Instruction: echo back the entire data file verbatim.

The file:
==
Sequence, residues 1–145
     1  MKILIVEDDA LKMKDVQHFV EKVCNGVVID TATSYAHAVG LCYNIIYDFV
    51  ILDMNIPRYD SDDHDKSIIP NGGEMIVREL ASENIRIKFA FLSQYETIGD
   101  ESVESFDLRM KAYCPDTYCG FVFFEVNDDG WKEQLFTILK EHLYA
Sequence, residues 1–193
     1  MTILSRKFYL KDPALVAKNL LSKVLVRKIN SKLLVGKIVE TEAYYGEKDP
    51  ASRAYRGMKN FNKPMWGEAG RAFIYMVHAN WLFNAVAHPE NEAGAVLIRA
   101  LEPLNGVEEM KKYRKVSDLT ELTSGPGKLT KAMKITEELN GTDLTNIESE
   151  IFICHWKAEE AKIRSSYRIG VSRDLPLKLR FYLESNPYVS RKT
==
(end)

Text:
Sequence, residues 1–145
     1  MKILIVEDDA LKMKDVQHFV EKVCNGVVID TATSYAHAVG LCYNIIYDFV
    51  ILDMNIPRYD SDDHDKSIIP NGGEMIVREL ASENIRIKFA FLSQYETIGD
   101  ESVESFDLRM KAYCPDTYCG FVFFEVNDDG WKEQLFTILK EHLYA
Sequence, residues 1–193
     1  MTILSRKFYL KDPALVAKNL LSKVLVRKIN SKLLVGKIVE TEAYYGEKDP
    51  ASRAYRGMKN FNKPMWGEAG RAFIYMVHAN WLFNAVAHPE NEAGAVLIRA
   101  LEPLNGVEEM KKYRKVSDLT ELTSGPGKLT KAMKITEELN GTDLTNIESE
   151  IFICHWKAEE AKIRSSYRIG VSRDLPLKLR FYLESNPYVS RKT